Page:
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SOS Game: Speaking Review for ESL Students


I like to play the SOS game as a way to review whatever we studied in the previous class. For example, maybe the grammar point is countable/uncountable nouns and all the technical details surrounding it. It can get quite complicated, so it’s something I’d for sure want to review before moving on with new material. I’m sure you know the game S-O-S from when you were a kid. If you get three “S’s” in a row or three “O’s” in a row you draw a line through it and get a point. I’ve adapted this game to use as an…

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Draw a Picture While Someone Else is Talking

draw a picture

Skills: Speaking/Listening Time: 10 minutes Level: Beginner-Advanced Materials Required: Blank Paper Drawing a picture is a fun way to practice body parts or descriptive words (big, small, long, etc). The students sit back to back and one person is the “talker” and the other one is the “drawer.” The person talking describes something that they’re looking at to their partner (a face, body, city, etc) and that person draws what they hear. The results are usually hilarious! It’s perfect for a quick warm-up game, or time-filler.

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How to Teach Speaking

how to teach speaking

Most newbie teachers will primarily end up teaching speaking and conversation classes when they first head overseas to teach ESL so How to Teach Speaking  by Scott Thornbury will give you a leg up on the competition. Teaching speaking certainly involves a whole lot more than just “talking” with the students and Thornbury’s books does a great job of explaining that. How To Teach Speaking covers the theory, but also gives a wealth of practical advice and information that you can use in the classroom, along with ESL speaking games and activities that are easy to apply to your own…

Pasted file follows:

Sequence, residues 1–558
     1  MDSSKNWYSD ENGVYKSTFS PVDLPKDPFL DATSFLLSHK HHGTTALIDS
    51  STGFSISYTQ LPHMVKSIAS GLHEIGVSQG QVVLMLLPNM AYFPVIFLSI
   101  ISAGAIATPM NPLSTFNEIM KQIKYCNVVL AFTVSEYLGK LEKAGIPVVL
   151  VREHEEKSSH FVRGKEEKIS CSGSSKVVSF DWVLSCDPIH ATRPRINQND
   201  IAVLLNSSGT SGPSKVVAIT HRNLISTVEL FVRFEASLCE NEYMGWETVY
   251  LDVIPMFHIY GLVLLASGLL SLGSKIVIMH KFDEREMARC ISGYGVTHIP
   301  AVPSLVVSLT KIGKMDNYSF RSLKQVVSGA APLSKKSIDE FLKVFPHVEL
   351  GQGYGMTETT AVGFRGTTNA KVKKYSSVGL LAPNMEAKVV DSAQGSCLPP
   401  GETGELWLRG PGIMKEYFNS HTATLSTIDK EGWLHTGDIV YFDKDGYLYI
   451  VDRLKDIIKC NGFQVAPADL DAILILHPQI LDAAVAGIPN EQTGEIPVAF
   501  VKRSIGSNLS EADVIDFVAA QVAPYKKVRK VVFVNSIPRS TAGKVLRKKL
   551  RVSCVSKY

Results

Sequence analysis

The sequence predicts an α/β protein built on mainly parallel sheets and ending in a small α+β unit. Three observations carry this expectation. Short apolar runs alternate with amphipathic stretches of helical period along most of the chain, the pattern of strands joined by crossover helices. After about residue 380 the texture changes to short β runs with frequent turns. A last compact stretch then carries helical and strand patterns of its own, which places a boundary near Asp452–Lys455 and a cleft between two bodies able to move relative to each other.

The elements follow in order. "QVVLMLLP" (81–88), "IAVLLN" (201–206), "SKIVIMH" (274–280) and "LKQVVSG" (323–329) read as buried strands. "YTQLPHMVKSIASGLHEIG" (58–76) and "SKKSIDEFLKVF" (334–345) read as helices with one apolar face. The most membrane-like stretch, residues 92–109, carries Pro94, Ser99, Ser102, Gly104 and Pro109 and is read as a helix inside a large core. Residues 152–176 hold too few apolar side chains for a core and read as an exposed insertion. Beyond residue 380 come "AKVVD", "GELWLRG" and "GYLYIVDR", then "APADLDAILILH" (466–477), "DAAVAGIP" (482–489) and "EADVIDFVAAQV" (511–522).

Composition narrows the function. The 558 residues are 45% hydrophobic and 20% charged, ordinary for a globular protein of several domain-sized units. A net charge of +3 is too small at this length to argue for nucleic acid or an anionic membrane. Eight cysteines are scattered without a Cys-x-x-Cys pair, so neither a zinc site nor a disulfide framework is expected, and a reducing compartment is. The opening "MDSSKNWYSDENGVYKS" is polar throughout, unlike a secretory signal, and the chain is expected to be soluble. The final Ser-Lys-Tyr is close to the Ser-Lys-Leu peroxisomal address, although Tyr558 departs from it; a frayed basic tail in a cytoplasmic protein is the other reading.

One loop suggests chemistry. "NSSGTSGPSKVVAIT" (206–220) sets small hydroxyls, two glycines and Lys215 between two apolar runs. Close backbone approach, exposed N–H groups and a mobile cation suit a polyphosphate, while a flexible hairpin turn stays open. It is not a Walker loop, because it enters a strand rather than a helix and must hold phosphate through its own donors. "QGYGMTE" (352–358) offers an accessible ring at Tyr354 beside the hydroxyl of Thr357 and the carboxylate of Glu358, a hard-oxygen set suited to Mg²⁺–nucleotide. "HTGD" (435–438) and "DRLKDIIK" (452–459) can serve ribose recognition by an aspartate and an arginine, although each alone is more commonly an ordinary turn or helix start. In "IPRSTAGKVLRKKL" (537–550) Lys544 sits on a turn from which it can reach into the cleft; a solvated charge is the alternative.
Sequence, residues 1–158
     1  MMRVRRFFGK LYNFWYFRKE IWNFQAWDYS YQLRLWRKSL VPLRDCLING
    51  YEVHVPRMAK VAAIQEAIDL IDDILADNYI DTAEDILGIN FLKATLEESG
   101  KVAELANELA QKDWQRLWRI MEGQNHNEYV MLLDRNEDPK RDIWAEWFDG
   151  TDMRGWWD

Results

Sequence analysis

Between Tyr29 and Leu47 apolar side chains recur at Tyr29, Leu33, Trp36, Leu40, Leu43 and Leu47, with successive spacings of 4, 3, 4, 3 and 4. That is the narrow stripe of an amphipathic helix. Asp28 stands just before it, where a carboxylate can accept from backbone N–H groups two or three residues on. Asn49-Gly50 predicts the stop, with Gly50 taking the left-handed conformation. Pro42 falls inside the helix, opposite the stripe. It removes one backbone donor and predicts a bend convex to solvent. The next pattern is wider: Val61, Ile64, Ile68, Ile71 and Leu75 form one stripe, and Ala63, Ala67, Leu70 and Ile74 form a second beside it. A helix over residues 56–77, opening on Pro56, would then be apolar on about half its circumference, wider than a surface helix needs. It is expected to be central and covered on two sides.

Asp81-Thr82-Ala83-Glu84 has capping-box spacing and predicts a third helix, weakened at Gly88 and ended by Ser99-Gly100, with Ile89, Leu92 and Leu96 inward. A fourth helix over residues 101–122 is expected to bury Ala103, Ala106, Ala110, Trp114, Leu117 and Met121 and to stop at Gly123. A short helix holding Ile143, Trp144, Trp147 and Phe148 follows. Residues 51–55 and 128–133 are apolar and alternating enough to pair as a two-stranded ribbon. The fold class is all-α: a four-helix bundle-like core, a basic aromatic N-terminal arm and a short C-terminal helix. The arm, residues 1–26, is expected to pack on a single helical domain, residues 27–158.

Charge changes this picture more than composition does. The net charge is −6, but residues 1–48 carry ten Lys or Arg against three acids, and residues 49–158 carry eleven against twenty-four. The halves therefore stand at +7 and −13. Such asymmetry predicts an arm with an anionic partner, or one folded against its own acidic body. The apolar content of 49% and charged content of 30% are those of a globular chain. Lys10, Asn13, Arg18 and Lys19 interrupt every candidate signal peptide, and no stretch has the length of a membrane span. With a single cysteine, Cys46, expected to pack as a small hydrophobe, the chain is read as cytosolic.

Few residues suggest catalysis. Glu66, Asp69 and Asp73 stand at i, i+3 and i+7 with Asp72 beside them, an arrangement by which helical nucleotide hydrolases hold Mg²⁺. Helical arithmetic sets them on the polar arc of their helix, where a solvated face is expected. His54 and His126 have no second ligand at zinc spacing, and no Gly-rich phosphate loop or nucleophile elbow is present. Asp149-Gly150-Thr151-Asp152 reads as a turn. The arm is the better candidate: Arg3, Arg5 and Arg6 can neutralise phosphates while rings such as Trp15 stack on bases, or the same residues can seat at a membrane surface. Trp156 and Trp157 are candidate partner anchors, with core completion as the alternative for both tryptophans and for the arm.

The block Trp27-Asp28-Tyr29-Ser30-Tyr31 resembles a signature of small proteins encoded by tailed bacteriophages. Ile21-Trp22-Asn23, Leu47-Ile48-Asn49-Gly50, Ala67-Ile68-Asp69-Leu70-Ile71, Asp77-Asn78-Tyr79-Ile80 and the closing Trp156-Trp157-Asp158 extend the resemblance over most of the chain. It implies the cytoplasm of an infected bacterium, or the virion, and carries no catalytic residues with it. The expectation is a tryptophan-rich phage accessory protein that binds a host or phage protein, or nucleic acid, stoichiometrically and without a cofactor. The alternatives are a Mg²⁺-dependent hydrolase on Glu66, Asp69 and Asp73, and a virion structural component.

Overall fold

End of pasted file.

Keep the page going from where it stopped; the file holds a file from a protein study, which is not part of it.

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ESL Survey Activity

Esl survey

ESL Survey Activity-The perfect way to get your students out of their seats and speaking in English. Skills: Speaking/Listening/Writing/Reading Time Required: 15-30 Minutes Level: Beginner-Advanced Materials: a Survey Handout Give the students a sheet of paper with some questions and they need to find one of their classmates who fits each slot. For example: “Do you travel sometimes?” or, “Are you a university student?” Then, if their partner answers yes, they write down their name and ask them one more question to elicit an extra piece of information. You can review the 5 “W” + “H” questions if necessary before…

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World Link ESL Textbook

World Link ESL textbook

World Link An excellent choice for a general English conversation class for adults I used World Link for about 4 years at my old university and I can say with certainty that it is a really solid book. The units are interesting and engaging and are on the simpler side if you have lower-level, or multi-level classes. There just isn’t that much text on the page, which is something I appreciate in an ESL textbook. The supplementary teacher’s resource book was excellent and I used almost every single activity in it, so make sure you get that as well. While…

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20 Questions ESL Speaking Game

twenty questions

Skills: Speaking/Listening Time: 20 minutes Level: Beginner-advanced Materials Required: Nothing This is a “20 questions” style game, based on whatever you’re studying (Animals/Jobs, etc). In groups, the students ask the teacher a yes/no question. After the teacher gives the answer, the students can have one chance to guess the secret thing. Play a few rounds and the team with the most points is the winner. You can also have students take turns being the one with the “secret.” It’s an excellent way for students to practice asking questions in English. If you have a very large class, divide the students…

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ESL Board Games

ESL board game

Skills: Reading/Speaking Time: 25 minutes Level: Beginner-Advanced Materials Required: Board Game Sheet/marker for each student (a coin or an eraser) Board Games often come in the “teacher’s resource book,” but it’s even better if you make your own. Use questions based on the grammar/vocab that you’ve been studying during the previous classes. Have some fun squares, such as “switch positions with the person on your right,” “go back 3,” or “take a vacation!” The style I usually use is a question of some kind where each students has to give one or two sentences in response to it. The other…